The Time is Right to Revisit Retail Lease Provisions in Light of COVID-19
Many retailers were forced to close their doors to customers beginning in March 2020, when the coronavirus pandemic first hit the United States. This caused the stock market to plunge initially, and pushed the overall economy into a record slump. Unsure of how to proceed given the unprecedented situation where municipalities were ordering stores to close, landlords and tenants turned to their leases and carefully sieved through them to determine their rights and obligations. As both parties sought to clarify their contractual responsibilities, several key lease provisions, such as force majeure clauses, insurance provisions and operating covenants, warranted careful scrutiny in light of the impacted retail landscape.
Seven months into the pandemic, many of those issues aren't fully resolved and most businesses are not running at full steam. Yet, the time is right for landlords to analyze key lease provisions such as force majeure and common area clauses to prepare for future deals that will likely take place in the context of an uncertain and unstable landscape.
The most obvious provision in a lease that will require attention is the so-called “force majeure” or “act of God” provision. This provision typically includes a list of specific force majeure events, usually defined as events or occurrences that the parties do not control. If there's a force majeure event, the party who is obligated to perform is excused from such performance. This “tolling” tends to be for the number of days such party is prevented from performing.
Prior to COVID-19, it was relatively rare to find a force majeure provision that included pandemics, viral exposures and related outbreaks as events that would result in the obligations of the parties being tolled. However, going forward, such events should be included in force majeure provisions, and rightly so. A force majeure provision that references “government-imposed restrictions” is likely broad enough to include “shelter-in-place” and “safer-in-place” type orders that require businesses to close, but it may be prudent to specifically reference such orders.
Landlords may want to require tenants to provide notice that they're making a claim under the force majeure provision, and to try to cap the amount of time that such force majeure tolling is effective. If possible, landlords will want to require that, under all circumstances, tenants continue to be obligated to pay rent (including triple net charges), even during a force majeure event like a pandemic. As landlords are acutely aware, rent payments are a critical component of the tenant’s bargain to lease and occupy space, and many landlords rely on the tenant’s covenant to pay rent in order to cover debt payments to lenders and otherwise keep their projects running.
Use of Common Areas
Landlords should make sure that the control of common area language found in most leases is broad enough for landlords to respond and adapt to pandemics and similar emergencies. For instance, landlords may need to install items to improve health and safety conditions and make other changes to the common area that may not currently be foreseeable to comply with recommendations or requirements of the CDC, WHO, or state or local authorities. As a result of physical distancing and store-capacity requirements, tenants may need the right to use portions of the common area, such as sidewalks, for customers to form lines outside stores.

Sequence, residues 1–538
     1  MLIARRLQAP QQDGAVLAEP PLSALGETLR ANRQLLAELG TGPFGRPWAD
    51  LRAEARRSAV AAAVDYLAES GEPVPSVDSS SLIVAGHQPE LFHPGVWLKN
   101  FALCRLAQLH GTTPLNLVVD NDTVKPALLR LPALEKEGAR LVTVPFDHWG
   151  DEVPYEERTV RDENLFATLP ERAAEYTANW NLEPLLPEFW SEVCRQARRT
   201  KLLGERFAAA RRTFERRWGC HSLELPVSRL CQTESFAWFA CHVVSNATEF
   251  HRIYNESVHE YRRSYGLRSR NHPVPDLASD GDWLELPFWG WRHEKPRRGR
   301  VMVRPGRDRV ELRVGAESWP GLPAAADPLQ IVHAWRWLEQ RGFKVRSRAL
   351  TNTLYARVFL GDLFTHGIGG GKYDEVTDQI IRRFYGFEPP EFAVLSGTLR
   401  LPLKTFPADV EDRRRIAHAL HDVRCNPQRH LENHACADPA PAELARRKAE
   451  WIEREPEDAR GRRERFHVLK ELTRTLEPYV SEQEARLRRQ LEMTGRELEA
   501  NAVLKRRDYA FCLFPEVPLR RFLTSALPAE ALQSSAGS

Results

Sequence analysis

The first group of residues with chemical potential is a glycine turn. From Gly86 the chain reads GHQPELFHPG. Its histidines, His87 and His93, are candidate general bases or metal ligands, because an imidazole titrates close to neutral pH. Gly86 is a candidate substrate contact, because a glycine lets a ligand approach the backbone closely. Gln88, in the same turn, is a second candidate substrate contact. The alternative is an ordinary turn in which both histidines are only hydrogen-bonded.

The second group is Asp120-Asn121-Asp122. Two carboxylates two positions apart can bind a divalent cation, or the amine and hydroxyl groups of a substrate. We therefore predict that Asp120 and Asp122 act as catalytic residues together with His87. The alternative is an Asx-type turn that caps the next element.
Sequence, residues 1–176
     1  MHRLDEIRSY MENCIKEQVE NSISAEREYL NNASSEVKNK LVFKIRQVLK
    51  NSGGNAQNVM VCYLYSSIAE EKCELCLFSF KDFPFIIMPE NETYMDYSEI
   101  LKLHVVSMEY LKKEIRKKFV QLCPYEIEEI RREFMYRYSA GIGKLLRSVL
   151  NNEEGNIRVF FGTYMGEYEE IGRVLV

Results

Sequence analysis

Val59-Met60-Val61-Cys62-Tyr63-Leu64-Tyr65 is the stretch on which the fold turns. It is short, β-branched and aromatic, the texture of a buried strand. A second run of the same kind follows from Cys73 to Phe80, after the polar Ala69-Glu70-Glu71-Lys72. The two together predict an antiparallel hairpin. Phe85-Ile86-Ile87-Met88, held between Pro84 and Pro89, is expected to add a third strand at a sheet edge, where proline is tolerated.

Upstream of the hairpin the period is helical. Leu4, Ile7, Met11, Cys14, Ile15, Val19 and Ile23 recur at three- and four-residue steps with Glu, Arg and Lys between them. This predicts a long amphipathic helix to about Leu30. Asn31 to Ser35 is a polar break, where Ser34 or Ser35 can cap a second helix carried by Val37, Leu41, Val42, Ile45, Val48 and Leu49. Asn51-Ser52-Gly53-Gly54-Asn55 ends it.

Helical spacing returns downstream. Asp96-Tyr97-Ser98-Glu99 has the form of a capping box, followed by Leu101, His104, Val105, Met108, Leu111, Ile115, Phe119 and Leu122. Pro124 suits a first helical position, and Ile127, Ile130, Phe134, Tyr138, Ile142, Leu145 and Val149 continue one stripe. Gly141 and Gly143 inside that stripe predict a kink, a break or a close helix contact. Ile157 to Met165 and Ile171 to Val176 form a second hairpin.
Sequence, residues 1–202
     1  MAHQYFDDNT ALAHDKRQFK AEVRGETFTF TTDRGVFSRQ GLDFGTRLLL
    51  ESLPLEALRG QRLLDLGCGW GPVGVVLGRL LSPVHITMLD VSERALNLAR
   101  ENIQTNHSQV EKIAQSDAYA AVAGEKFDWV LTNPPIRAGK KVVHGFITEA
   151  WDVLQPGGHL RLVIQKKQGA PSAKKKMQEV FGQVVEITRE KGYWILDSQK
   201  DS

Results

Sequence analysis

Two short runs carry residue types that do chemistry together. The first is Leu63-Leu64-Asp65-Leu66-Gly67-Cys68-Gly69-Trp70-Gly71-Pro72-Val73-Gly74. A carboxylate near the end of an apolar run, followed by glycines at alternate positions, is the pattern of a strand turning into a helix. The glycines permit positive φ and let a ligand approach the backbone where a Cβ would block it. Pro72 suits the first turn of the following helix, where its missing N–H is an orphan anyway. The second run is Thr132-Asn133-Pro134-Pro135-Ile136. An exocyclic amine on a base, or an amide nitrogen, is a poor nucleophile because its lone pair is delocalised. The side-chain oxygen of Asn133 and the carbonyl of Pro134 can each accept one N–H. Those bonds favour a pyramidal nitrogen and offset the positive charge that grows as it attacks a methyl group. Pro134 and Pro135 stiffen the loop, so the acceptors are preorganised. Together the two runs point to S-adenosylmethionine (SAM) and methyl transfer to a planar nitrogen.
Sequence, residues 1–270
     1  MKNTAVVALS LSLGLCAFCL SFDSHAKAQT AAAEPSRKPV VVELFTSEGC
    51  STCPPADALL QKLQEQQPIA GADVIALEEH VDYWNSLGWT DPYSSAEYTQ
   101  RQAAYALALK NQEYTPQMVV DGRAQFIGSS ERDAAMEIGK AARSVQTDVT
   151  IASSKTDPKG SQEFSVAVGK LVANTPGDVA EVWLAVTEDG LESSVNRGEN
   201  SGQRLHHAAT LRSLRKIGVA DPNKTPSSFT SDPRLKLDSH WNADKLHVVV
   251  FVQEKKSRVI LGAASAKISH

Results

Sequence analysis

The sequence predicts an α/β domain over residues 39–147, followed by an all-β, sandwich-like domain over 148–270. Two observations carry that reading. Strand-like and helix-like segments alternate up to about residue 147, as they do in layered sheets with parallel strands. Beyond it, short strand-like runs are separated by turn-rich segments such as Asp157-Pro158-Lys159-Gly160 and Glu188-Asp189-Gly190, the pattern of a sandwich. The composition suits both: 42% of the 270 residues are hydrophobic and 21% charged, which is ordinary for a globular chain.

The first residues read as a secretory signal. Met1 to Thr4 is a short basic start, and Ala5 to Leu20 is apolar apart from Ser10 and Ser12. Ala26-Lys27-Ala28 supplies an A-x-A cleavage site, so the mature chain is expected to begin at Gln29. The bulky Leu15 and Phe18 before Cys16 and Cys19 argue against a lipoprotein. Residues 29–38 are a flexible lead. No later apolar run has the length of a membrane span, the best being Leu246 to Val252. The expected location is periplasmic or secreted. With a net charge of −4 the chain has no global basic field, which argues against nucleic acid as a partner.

In addition, restaurant owners may need the right to use part of the common area for seating for their customers if requirements don't allow them to provide tables inside for customers to eat. Landlords should do their best to work with tenants, where appropriate, to allow for the use of the common area for queuing and outdoor seating, as the ability to use such areas could be vital to the success of the applicable tenant.
Nevertheless, a landlord can condition such use upon the tenant fulfilling certain conditions, such as giving the landlord prior written notice of such intent and the expected duration, peak times and specific area the tenant wants to use. Additionally, landlords may want to specifically require that the tenant cleans up the area used for queuing and/or outdoor seating on a daily basis.
While force majeure and use of common areas are a great starting point when addressing lease revisions following the current pandemic, many other provisions also deserve a closer look. Landlords should work with counsel to review their existing leases to ensure that they're in a better position to respond and react to the “new normal” that will exist until a vaccine becomes available.
Dan Villalpando is a partner at real estate-focused law firm Cox, Castle & Nicholson LLP. His practice focuses on retail development and commercial leasing.
Dan Villalpando is a partner at real estate-focused law firm Cox, Castle & Nicholson LLP. His practice focuses on retail development and commercial leasing. Commercial developers look to Dan for his counsel on all aspects of shopping center development, including the acquisition and disposition of commercial real estate and the negotiation and drafting of development agreements, reciprocal easement agreements, declarations and major tenant leases. He can be reached at email@example.com.